Just as I was sitting here stumped for ideas for this article, I naturally gravitated towards the best source of information out there… Facebook!
One glance of Facebook alone highlights some of the sins committed by Muslims in all their photographic glory. Yet how often do we simply just scroll past these actions as if they simply cease to exist once out of sight. Many of us forget that it is not enough to simply abstain from haram but also to stop such acts when seen in others.
“There should be among you (O believers), a group (of the learned and sincere persons) who should call (the people) towards goodness, bid (them) to the good and forbid (them) from the evil–they are the successful people.” (3:104)
Remember back in madrassah we learned about amir bil ma’roof wa nahi anil munkar, from Furu-e-Deen? In case you have forgotten, it is a wajibat and it serves as a moral compass for not only ourselves but the members of our community.
It’s amusing how we would stop a friend from leaving the house with spinach in their teeth – yet we wouldn’t stop them from posting vulgar photos. Sadly physical imperfections outweigh moral imperfections. We are perfectly content to pass judgment on a lacking physical attribute yet hesitate when it comes to advising a friend on spiritual conduct.
Our growing lack of concern for each others faith perhaps stems from how conditioned we have become to witnessing unlawful Islamic acts. We have become more concerned about our relationships with one another over our moral obligations. One has to take into consideration if maintaining a diplomatic relationship is worth risking your religious conscience. Though, this doesn’t mean that the two are not simultaneously achievable.
A piece written by Moalana Syed Mohammed Rizvi clearly articulates the conditions of amr bil ma’roof wa nahi anil munkar and when it is appropriate to practice it. It is very easy to neglect all the other factors that come into play when practicing this wajibat. There is no perfect way to go about it, but hopefully these points can serve as a benchmark for your next encounter.
1. You must be familiar with the Islamic view on that issue in order to properly define “good” and “evil” before encouraging others to do good or forbid them from evil.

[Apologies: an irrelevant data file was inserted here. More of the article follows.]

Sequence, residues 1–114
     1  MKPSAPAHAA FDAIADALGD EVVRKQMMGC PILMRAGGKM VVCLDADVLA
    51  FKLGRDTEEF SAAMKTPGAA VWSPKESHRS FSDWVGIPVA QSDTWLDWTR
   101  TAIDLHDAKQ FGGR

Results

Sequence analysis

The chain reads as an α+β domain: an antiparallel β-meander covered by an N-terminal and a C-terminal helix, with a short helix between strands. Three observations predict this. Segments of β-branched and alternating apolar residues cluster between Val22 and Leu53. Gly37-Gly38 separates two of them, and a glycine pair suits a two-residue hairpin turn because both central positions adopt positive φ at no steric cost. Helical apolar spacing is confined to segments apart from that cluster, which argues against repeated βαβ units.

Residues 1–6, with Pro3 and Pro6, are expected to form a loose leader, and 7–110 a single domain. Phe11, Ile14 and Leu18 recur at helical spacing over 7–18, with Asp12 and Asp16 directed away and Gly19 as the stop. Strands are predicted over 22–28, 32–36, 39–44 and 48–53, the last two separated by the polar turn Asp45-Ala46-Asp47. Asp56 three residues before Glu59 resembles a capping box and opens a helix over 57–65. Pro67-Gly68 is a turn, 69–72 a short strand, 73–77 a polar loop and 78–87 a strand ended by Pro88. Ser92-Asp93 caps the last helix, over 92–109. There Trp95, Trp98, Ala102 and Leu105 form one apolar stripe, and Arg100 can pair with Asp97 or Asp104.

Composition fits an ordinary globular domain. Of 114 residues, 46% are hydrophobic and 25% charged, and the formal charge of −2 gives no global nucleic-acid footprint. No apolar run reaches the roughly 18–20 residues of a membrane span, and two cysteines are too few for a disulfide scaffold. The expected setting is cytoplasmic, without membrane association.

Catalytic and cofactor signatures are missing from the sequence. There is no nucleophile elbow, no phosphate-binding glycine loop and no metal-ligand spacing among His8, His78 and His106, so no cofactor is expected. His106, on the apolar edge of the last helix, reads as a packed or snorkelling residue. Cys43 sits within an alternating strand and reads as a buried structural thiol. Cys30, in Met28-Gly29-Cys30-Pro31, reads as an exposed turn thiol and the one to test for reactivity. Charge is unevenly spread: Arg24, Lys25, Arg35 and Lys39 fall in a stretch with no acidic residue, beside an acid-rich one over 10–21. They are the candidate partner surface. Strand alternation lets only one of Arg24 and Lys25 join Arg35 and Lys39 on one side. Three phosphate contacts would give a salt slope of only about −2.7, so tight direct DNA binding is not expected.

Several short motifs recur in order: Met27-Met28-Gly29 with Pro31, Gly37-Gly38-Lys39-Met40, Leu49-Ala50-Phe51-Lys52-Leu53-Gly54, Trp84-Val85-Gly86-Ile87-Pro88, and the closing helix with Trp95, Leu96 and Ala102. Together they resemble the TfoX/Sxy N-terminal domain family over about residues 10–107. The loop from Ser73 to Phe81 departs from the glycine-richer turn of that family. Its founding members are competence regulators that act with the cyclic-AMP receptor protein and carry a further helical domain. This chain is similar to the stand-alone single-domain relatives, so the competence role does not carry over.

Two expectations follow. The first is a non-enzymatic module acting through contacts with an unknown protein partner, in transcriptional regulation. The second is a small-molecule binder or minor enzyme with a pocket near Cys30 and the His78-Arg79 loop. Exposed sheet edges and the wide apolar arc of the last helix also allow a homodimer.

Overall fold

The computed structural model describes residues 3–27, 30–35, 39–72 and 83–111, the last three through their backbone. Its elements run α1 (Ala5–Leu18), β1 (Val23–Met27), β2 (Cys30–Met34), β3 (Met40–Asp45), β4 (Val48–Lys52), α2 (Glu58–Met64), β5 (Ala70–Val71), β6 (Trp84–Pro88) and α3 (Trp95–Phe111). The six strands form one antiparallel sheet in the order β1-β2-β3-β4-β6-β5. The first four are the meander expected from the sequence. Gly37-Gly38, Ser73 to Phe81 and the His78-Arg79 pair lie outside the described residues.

2. In each given case, you must weigh the possibility of the influence of your advice. If you are sure or there seems to be a great probability that your words will have no effect on the other person, then it is not necessary to do amr or nahi.
3. You must also evaluate the state of the person whom you want to advise. Is he insisting or repeating the evil deeds or was it just a one time slip on his part? If you discern or come to know that he is not going to repeat the sin, then you do not have to do amr or nahi.
4. You must also evaluate the overall situation to make sure that your action of amr or nahi would not lead to a worse situation than what exists at present.
“And (as for) the believing men and the believing women, they are guardians of each other; they enjoin good and forbid evil and keep up prayer and pay the poor-rate, and obey Allah and His Messenger; (as for) these, Allah will show mercy to them; surely Allah is Mighty, Wise.” (9:71)
Are we too afraid to behave like the “guardians” Allah (swt) speaks of? How often have you whispered to a sister before she has begun her salah that some of her hair is showing, or to a brother to lower his gaze in a public gathering?
Some may argue that the sins one commits are between the person and Allah and we should not interfere. However, if we continue to allow Islamic mandates to be broken, how can we expect virtuous ideologies to remain? In order for our religious values to prevail we need to maintain our sense our religious duty.
The Holy Prophet (SAW) has said: The world is like a ship and mankind its passengers. The welfare of all depends upon the safe conduct of each. If anyone is found making a hole on the side of a ship, he must be stopped.